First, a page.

Microsoft spending $50 billion would be unprecedented for the company. They’ve been sitting on billions in cash for years. It put fear in their competitors until Google started reeling in the billions.
Gary Sattler at Bloggingstocks.com is ripping the Redmond giant:
My interpretation of Microsoft’s subliminal message here is that it couldn’t win the game so it’s going to pay the crippled kid down the street to come play with it. The only problem here is that the crippled kid isn’t all too interested in playing, and Microsoft doesn’t even seem to realize that it’s a cripple.
TechCrunch’s Duncan Riley observes, “It certainly is a strange time when Microsoft accuses Google of anti-competitive behaviour one day, then activily seeks to acquire a leading competitor for the sole purpose of trying to compete with Mountain View based uber company the next.”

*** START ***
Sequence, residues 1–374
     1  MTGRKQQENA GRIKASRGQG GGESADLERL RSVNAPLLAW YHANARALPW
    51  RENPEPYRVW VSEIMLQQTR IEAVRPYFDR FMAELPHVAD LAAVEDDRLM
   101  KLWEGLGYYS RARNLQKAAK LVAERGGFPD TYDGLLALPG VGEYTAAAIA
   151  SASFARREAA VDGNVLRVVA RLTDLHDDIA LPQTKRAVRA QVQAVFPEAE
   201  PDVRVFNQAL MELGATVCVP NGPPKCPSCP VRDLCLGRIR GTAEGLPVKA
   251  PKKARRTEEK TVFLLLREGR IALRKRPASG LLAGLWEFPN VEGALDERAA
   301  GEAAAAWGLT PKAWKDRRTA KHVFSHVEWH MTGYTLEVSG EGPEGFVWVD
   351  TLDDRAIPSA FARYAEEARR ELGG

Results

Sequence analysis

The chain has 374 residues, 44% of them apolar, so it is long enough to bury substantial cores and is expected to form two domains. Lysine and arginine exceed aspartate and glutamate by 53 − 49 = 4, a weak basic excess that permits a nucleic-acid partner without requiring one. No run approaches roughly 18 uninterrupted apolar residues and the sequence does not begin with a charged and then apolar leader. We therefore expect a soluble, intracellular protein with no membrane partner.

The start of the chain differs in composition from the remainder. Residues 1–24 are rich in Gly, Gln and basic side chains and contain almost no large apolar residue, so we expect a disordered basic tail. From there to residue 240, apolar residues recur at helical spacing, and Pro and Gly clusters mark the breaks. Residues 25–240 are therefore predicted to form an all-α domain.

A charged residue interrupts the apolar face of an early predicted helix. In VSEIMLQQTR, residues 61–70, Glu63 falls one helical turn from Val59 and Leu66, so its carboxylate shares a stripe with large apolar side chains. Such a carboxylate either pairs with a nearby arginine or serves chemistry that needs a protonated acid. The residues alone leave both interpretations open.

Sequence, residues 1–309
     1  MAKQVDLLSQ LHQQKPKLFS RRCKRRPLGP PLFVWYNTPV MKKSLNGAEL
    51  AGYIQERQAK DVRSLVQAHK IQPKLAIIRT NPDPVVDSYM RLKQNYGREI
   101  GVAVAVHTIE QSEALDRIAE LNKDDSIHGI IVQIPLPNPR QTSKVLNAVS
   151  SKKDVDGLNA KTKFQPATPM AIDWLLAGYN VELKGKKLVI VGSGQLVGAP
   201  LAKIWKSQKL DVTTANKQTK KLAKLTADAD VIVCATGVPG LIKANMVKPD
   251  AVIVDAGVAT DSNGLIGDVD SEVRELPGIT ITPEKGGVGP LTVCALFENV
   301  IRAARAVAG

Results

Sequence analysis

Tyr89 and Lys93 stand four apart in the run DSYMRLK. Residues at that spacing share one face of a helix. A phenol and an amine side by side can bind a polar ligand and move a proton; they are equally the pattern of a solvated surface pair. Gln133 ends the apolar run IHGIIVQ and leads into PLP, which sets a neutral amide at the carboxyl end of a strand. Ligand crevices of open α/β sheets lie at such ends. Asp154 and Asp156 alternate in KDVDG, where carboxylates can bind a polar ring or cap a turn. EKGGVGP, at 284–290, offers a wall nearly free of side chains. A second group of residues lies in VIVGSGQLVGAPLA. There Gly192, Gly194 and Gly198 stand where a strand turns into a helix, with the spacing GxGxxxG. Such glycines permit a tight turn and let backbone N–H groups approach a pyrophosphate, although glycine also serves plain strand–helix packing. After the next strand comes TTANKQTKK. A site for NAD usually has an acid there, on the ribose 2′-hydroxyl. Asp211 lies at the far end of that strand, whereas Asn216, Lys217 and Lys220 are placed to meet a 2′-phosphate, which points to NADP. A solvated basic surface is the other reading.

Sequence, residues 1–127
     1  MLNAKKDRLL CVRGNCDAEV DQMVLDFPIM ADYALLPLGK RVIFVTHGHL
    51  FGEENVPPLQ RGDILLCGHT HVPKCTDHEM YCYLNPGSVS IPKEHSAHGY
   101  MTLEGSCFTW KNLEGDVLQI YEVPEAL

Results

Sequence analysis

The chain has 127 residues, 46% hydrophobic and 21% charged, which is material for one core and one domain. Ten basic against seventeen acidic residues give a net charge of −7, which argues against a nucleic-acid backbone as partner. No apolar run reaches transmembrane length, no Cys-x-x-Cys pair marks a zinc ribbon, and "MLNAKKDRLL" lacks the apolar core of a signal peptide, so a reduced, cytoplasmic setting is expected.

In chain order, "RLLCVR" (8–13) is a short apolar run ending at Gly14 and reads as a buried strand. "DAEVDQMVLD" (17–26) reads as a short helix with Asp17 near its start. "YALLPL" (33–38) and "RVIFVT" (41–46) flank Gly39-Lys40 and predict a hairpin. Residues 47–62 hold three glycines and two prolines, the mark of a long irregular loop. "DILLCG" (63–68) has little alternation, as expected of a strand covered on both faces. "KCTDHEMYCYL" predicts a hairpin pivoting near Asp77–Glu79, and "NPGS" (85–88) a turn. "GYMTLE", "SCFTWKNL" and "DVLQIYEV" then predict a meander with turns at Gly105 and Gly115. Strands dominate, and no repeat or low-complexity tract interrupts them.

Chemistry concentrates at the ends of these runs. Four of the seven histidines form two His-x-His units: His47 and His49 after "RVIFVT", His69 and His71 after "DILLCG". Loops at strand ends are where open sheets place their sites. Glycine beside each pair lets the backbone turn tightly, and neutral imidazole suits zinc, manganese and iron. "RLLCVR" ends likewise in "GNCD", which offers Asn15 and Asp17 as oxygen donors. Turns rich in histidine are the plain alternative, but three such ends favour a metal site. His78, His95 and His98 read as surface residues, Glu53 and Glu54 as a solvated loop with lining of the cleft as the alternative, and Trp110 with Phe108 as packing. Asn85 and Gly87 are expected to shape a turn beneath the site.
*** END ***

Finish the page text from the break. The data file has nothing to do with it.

Technology 23 Feb 2007 07:30 pm
Apple (APPL) and Cisco (CSCO) decided spending oodles on lawsuits would get in the way of making better tech. So they agreed to share the iPhone name and “will explore opportunities for interoperability in the areas of security, and consumer and enterprise communications.” Isn’t that what Cisco wanted? So Steve Jobs caves, right? Maybe, but he wins in the end. Look at the two iPhones. Which one would you buy? Sleek and sexy versus a 1993 remote control. And how are you going to watch a movie on Cisco’s gadget?
Technology 21 Feb 2007 07:43 am